It’s a very exciting and scary time — having come from a very sheltered upbringing and being in an all-girl’s school and now entering a coed university.  Just like I did many years ago.  You worry about how you will do.. will you enjoy your new world… how will you fare.. how do you stop being so self-conscious in the company of the opposite sex.. So many questions and the clock is ticking to the first day of school.

I told her she’ll be fine.  My college years were a very enjoyable period for me — not without the drama and the growing pains that life is generally peppered with — but you take both the good and the bad.  And as it is with most things, it takes making it to the end of the journey for us to see we didn’t do so bad after all — or that all the sacrifices, conservative / strict parents included, will serve a purpose in our adult life later on.

For some, making new friends or surviving in a room full of strangers is second nature.  I would normally stay quiet, observe, and speak when spoken to, or strike a conversation with the person next to me.  But I was never wont to take center stage.  (I usually did that much later. HA!)  I remember it was difficult for me to get comfortable with my male classmates but when you see them day in and day out, they become your buddies.  In fact by my second year in college, I was the only girl in a group of around 6 boys who all loved to drink the afternoon away, but who would be gentlemanly enough to order me my soda for each round of beer they had brought to the table.

Because they all drove, even if they were in another part of the campus, they would come back for me at lunch time so we could have authentic Chinese food at the original “Estero” in Binondo.  That or we would descend upon a favorite Chinese restaurant near Roxas Boulevard.

The business side of going to the university was also very different from high school.  It was the same that it wasn’t.  Everything seemed to be a foot or two deeper, and in many ways more complicated and profound, hence, a little harder.  But that was the whole thing about being in college — to learn more and to actually acquire the knowledge needed to hone your abilities and skill sets.

Talking to my niece made me go back to how terrifying that phase was at times.  It wasn’t always


Daily Prompt: 15 Credits and all the buzz of school

Daily Prompt:  Another school semester will soon begin. If you’re in school, are you looking forward to starting classes? If you’re out of school, what do you miss about it — or are you glad those days are over?

I have been out of school for almost twenty years now.  My classmates from law school are all over the place — one is a Mayor, one (or maybe even two) are lawmakers, several are very successful lawyers.  The same goes for my college friends.  And in high school, we just celebrated our Pearl jubilee this year.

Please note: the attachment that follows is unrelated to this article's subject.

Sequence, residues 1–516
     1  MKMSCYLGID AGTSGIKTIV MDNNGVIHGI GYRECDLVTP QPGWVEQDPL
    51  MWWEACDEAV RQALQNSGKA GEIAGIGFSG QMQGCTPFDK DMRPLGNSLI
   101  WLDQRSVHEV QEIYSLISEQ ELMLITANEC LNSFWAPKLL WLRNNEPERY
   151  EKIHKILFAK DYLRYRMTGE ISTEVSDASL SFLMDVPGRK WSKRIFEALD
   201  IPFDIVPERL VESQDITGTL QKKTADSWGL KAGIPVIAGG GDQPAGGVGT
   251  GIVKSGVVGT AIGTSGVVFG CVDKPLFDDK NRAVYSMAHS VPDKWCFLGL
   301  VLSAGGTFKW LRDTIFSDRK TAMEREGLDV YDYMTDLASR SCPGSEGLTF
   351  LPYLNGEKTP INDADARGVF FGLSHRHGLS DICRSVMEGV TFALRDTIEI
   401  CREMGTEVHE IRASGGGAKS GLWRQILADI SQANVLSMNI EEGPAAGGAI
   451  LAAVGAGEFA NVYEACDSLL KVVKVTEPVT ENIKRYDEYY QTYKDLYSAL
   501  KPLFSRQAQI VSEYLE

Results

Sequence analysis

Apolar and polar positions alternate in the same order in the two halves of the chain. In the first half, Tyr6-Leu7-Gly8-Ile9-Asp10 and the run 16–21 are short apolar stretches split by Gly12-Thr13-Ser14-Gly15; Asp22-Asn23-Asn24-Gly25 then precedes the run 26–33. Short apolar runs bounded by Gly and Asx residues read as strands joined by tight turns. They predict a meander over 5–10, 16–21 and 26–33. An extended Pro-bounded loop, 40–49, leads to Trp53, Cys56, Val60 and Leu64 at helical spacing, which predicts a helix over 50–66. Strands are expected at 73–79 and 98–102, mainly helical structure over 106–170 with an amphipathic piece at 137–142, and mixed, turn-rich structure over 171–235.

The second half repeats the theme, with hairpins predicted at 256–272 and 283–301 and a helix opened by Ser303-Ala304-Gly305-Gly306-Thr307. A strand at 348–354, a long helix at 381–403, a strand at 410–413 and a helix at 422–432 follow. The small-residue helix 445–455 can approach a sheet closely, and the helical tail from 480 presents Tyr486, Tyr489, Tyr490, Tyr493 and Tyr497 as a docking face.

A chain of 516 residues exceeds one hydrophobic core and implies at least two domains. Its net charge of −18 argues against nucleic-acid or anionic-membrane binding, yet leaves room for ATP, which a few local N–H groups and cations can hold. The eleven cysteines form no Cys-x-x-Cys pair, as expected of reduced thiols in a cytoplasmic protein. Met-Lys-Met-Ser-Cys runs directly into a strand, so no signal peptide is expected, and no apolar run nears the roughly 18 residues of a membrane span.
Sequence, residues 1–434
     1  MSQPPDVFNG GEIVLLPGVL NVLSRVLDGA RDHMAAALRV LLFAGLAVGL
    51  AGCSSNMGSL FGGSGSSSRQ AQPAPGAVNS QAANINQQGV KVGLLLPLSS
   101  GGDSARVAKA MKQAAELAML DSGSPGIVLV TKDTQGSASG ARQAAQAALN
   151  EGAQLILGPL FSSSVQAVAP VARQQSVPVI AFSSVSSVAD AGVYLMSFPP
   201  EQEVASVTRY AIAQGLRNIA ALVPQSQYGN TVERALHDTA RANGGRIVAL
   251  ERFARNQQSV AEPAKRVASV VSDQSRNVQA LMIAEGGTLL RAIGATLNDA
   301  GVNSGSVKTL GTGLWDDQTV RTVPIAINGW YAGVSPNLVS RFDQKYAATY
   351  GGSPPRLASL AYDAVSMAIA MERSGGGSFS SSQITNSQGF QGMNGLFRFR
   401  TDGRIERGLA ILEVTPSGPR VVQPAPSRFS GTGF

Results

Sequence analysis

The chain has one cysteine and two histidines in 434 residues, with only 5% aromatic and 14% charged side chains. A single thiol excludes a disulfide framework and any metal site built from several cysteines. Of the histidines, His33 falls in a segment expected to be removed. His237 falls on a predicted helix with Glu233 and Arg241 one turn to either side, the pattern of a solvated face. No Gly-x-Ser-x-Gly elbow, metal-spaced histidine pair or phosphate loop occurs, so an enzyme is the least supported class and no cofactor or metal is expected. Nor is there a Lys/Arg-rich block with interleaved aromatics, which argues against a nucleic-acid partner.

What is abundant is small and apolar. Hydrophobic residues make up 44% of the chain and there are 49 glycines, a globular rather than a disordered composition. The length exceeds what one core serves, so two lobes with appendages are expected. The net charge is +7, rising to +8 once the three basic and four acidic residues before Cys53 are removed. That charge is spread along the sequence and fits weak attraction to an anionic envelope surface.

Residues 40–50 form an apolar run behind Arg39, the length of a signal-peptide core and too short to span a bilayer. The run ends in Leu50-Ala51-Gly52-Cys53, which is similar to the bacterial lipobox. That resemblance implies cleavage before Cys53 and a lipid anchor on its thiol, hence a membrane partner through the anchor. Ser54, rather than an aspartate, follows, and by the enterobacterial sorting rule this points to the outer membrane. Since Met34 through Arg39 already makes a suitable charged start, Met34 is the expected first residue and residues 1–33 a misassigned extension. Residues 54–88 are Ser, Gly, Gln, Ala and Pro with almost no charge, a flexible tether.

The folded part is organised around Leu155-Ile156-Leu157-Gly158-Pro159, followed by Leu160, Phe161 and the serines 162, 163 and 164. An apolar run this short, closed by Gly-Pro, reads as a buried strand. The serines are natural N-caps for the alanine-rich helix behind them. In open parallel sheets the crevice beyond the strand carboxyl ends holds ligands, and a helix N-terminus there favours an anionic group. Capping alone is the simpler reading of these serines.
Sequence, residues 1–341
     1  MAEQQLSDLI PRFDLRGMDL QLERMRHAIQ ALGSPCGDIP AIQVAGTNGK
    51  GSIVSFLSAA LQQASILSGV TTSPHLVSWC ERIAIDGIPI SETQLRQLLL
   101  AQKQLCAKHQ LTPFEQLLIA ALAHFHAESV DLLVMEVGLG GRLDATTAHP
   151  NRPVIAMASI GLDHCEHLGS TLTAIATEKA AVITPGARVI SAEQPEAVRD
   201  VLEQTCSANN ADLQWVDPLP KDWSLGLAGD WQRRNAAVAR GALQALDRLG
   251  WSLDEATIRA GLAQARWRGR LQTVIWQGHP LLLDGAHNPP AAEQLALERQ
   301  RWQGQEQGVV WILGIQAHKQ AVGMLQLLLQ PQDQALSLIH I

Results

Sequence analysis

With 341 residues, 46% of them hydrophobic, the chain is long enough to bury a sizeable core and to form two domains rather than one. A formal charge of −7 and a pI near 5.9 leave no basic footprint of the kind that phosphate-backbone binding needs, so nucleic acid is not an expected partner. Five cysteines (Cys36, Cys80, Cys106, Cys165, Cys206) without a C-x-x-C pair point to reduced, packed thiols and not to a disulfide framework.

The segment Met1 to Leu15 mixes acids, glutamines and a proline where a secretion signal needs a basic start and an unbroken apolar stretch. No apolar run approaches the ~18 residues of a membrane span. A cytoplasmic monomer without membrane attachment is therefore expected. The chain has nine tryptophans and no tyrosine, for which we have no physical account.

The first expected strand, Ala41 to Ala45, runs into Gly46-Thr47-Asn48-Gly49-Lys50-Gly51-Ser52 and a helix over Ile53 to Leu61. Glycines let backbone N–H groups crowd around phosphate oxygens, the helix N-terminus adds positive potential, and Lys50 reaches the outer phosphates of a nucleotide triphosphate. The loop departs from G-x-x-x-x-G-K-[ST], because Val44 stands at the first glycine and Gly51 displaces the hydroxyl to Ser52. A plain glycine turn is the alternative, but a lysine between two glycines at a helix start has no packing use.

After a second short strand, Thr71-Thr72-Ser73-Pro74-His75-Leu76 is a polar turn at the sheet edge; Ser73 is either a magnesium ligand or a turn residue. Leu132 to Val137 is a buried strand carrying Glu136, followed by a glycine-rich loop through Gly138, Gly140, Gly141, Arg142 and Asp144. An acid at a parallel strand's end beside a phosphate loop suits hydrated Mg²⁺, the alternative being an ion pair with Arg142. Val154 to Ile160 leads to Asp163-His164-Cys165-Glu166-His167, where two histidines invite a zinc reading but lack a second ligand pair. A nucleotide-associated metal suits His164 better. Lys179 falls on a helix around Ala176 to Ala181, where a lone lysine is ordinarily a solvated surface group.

I have always been happy in a classroom, even during that brief period during my freshman year when I was besieged by a momentary lapse of confidence during my first semester at the state university.  (I looked around and wondered what made me deserve to be in the same space as these “scholars”, forgetting I had earned my place beside them.)

I spent some of the best years of my younger life in college where I found some of my closest and dearest friends who still are dear in the present time.  But those friendships have been enriched by the years that have passed, and those tried and tested friends have continued to be a part of my life.  I learned more about life during those years in Rizal Hall and those life experiences carried me through what would be a very challenging couple of years after I left college.  More than just making me part of the real world — being immersed in a very liberal and diverse academic community — my way of thinking and viewing school and life as a whole changed dramatically.

I sat in classes where the author of the required book reading was the professor.  History was no longer just a narrative of events but an analysis of the emergence of a counter-consciousness that leads a class to resort to upheaval to effect change.  I couldn’t completely shake off the sheltered life that saw me being brought to and from the university by a driver , but I learned to challenge the limits imposed upon me by my parents.

Law school proved to be even more challenging because I suddenly found myself having to work to help support my education.  By then I was commuting, trying to juggle work and school, yet somehow I made it.

When “work and school” became “work” alone, I started to actually miss the routine of lugging my books and reading and sitting in a classroom.  It didn’t quite hit me as hard, though, until I moved here to New York in 2000.  It wasn’t so much all the fun times with the friends and the people that came and went into my life during those years.  I find myself missing the challenge of reading and getting into the very core of a concept or subject matter, reading about it, fleshing it out and feeling enriched by that knowledge.

(Audible sigh)

As a mother of an incoming fourth-grader who was born and raised here, I feel a real need for me to educate myself about American History and have started listening and viewing an “online lecture series” sponsored by Yale.  I have thought about physically attending a class and perhaps enrolling for audit courses, but finding a way to carve out real time for it is out of the question.  I guess I have to stick to e-learning for now.

Yes, I do miss school.  I miss being in a classroom.  And my brain cells are all raring to get at it if given the chance to get back to work on text books and tomes again.